Episode 43

Salesmen of Supplements and Scams

Published on: 29th December, 2023

The Scams and Quacks of the Year

The New Year, the point we all look for a second chance. To get healthy, lose weight, adopt a new habit.  And waiting for you are the hucksters who want to sell you hydrogen in your water, expensive supplements of dubious value, and some choices that might actually harm you. If it sounds too good to be true, you might just be hearing the sound of the duck - or a quack, at least.



  1. Carnivore Diet
  2. Magnesium Supplementation
  3. Celtic Salt
  4. MTHFR Gene Mutation
  5. Cold Plunges


Today, on Fork U, we will reveal the top scams of 2023 and make sense of the madness that surrounds them.

I'm Dr. Terry Simpson, and this is FORK U. Fork University.

Where we teach you a little bit about food as medicine

Busting myths and making sense of the madness.

The Liver King and Paul Saladino

Chief among the shirtless salesmen of supplements and scams, 2023 saw the self-described liver king (Brian Johnson) fall from grace, and his partner, Paul Saladino, tried to say he didn't know.

Liver King's five-foot-two-inch frame was filled with more steroids and growth hormones than found in a pharmacy. Purchasing somewhere between $12,000 and $20,000 of injectables a month and eating a diet far from the liver he recommended. Ultimately, Johnson admitted this, albeit the evidence was overwhelming. Finally, let us not forget that his business partner, Paul Saladino, loves to yell at spinach and kale while pushing his Heart and Soil supplements.

Liver King and Saladino jointly own a supplement business, Heart and Soil. They sell supplements and pretend to tell you about health through the carnivore diet.  Moreover, the company "Heart and Soil" is registered in Texas, and Brian Johnson, his wife, and Saladino are all board members.

The Shirtless Salesmen of Supplements and Scams

Being shirtless is oddly effective, especially among some men. Whether this comes from "we like alpha males with abs" or homo-erotic fantasy, shirtless sells. Countless times showing studies refuting their claims don't move these supporters. In fact, the response from some males was some version of "Show me your abdominals." My retort, "I'd love their abs, but in time they'd love my arteries," just didn't move them.

I still find it odd that a grocery store would allow a shirtless person to yell at spinach. Yes, Saladino did train in psychiatry, although he does not see patients.

While Saladino said, he had "an inkling" his partner was doing steroids. Johnson (Liver King) used to inject insulin and balance it with maple syrup.  Isn't it odd that Saladino's refrigerator is filled with the same maple syrup that Liver King used to balance his insulin to increase glycogen in his muscles?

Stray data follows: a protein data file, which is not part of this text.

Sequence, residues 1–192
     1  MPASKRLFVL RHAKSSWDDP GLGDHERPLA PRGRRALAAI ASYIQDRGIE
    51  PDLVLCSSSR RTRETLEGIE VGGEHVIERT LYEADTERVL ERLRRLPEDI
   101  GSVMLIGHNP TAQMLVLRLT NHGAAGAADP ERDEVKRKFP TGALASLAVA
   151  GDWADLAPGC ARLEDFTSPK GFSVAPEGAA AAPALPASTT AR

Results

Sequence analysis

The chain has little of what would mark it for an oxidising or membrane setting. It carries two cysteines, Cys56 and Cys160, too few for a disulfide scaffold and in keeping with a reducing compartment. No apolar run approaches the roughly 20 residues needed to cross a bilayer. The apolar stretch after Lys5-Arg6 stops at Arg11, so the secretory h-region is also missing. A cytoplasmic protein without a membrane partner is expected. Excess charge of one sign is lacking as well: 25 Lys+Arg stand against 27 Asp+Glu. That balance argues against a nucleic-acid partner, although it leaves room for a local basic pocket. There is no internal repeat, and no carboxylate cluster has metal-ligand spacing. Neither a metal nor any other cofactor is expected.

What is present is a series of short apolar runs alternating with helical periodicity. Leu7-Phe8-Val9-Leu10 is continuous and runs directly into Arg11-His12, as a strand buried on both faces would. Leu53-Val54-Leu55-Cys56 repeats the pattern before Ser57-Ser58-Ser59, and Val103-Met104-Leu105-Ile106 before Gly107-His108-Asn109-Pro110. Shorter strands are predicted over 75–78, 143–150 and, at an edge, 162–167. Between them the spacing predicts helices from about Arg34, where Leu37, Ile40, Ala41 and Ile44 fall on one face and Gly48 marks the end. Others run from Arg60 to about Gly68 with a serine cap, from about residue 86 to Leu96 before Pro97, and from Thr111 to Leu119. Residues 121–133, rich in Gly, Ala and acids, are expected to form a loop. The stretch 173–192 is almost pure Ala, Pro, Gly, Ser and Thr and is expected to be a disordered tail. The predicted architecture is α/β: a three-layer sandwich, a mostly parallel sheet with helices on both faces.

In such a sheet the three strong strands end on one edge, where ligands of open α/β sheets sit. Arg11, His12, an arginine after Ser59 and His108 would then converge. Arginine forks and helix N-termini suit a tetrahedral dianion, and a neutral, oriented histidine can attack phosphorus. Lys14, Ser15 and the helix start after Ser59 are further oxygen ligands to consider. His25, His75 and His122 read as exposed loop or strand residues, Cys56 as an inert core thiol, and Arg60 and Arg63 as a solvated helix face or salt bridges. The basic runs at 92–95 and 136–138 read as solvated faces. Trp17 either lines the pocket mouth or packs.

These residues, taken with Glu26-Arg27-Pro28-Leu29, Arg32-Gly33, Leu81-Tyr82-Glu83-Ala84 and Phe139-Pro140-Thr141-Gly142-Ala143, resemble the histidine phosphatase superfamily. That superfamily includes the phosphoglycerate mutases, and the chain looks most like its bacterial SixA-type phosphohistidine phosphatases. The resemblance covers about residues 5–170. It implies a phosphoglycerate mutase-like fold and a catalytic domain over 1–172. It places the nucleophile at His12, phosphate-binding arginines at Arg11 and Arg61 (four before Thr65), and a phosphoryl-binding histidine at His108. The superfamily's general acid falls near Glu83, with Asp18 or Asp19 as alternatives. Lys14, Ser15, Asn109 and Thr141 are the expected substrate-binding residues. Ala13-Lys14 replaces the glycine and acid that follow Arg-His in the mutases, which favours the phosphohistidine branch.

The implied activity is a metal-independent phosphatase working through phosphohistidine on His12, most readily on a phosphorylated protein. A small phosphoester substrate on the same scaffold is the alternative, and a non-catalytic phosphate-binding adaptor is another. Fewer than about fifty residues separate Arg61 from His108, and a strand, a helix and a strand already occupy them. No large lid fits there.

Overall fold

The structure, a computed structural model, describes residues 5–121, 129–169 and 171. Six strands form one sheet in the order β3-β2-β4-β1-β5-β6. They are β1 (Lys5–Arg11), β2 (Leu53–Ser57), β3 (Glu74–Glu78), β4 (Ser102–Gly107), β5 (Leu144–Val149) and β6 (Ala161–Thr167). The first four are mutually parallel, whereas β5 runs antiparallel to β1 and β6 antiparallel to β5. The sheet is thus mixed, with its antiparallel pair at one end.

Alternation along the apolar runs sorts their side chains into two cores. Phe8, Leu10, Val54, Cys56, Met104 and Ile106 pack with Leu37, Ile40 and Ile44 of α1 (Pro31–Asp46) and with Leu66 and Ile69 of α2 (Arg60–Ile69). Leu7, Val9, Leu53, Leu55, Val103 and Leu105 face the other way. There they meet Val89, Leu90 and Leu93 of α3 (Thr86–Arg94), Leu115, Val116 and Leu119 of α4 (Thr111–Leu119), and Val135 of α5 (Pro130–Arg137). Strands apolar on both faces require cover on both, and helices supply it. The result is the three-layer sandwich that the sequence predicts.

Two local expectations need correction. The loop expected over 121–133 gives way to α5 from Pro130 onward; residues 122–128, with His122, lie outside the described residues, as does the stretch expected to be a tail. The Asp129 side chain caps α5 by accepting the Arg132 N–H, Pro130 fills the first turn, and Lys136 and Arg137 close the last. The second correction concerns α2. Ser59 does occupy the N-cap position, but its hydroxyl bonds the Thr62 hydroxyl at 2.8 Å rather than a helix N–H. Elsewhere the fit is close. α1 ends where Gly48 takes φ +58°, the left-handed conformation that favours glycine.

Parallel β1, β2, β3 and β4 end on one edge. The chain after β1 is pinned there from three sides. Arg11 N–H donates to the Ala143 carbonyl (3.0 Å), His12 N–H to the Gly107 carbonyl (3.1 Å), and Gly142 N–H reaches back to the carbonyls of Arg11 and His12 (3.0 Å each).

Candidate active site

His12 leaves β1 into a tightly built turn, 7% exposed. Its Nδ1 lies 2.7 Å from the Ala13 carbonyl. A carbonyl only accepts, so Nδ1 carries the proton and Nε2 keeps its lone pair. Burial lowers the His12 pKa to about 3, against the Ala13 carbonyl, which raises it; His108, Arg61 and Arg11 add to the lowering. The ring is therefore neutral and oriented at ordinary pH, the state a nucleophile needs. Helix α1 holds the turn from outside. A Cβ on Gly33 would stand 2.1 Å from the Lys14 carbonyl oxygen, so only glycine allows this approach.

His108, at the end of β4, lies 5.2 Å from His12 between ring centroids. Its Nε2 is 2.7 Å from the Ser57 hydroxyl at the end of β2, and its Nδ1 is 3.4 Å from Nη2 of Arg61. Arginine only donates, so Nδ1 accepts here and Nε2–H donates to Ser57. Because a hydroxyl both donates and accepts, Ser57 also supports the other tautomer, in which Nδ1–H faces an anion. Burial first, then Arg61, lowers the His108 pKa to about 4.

The Carnivore Diet - or - Doctors Don't Learn Nutrition in Medical School

Saladino received a medical degree from The University of Arizona, and I was a faculty member (assistant professor) at the time.  Saladino loves to pander to the anti-medicine crowd with the trope that doctors don't learn the root cause of disease. I pointed out that we taught him pathophysiology, and he must have forgotten that our Western medicine discovered the root cause of many diseases.

In front of one audience, Saladino claims he learned nutrition in medical school. Then, a few years later, he claims he didn't learn nutrition in medical school. Do we learn nutrition in medical school?

Do Doctors Learn Nutrition in Medical School?

As someone who is certified in Culinary Medicine and taught nutrition, I can say yes and no. The basics of nutrition are anatomy, physiology, and biochemistry. While you can get these courses in college, in medical school, these are graduate-level courses.

The basic pathology of atherosclerosis, or how cholesterol is made, transported, and absorbed, is taught in medical school. The effect of dietary saturated fats causing an increase in low-density lipoprotein is taught in medical school. Moreover, the foods with high levels of saturated fats are taught in medical school.

Because of those basics, we surgeons can take the sickest patients and feed them with intravenous nutrition. Surgeons developed intravenous nutrition that has kept countless people alive. In addition, surgeons developed the ability to feed directly into the gut through a tube. But we may not learn that Popeye's chicken breast contains 1000 mg of sodium more than a regular chicken breast. We don't learn the practical side of food, but we learn a lot about the basic science, which is the foundation of nutrition. An analogy might be that an architect can design your home but may not know how to build it.

The Inflammatory Process in Medical School

The inflammatory process is one of the first series of lectures that medical students learn.  They learn that inflammation is an essential part of healing from injury and disease. That the inflammatory process is necessary to remove bacteria, viruses, parasites, and even cancer from the human body. Further, medical students learn that if the inflammatory process is overdone, destruction remains, such as in auto-immune diseases like rheumatoid arthritis, Sjogren's, or lupus.